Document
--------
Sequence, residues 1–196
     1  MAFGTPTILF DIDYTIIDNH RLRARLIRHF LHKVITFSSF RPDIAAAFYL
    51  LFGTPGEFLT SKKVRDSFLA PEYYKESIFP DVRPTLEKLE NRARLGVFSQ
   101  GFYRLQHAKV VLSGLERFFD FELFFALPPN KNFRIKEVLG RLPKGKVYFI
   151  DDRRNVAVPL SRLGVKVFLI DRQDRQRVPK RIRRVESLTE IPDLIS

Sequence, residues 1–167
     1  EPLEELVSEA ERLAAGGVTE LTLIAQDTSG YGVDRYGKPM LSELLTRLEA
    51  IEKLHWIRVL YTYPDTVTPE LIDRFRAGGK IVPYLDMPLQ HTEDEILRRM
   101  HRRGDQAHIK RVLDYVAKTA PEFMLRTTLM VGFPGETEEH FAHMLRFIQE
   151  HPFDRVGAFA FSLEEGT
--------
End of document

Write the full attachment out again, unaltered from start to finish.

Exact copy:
Sequence, residues 1–196
     1  MAFGTPTILF DIDYTIIDNH RLRARLIRHF LHKVITFSSF RPDIAAAFYL
    51  LFGTPGEFLT SKKVRDSFLA PEYYKESIFP DVRPTLEKLE NRARLGVFSQ
   101  GFYRLQHAKV VLSGLERFFD FELFFALPPN KNFRIKEVLG RLPKGKVYFI
   151  DDRRNVAVPL SRLGVKVFLI DRQDRQRVPK RIRRVESLTE IPDLIS

Sequence, residues 1–167
     1  EPLEELVSEA ERLAAGGVTE LTLIAQDTSG YGVDRYGKPM LSELLTRLEA
    51  IEKLHWIRVL YTYPDTVTPE LIDRFRAGGK IVPYLDMPLQ HTEDEILRRM
   101  HRRGDQAHIK RVLDYVAKTA PEFMLRTTLM VGFPGETEEH FAHMLRFIQE
   151  HPFDRVGAFA FSLEEGT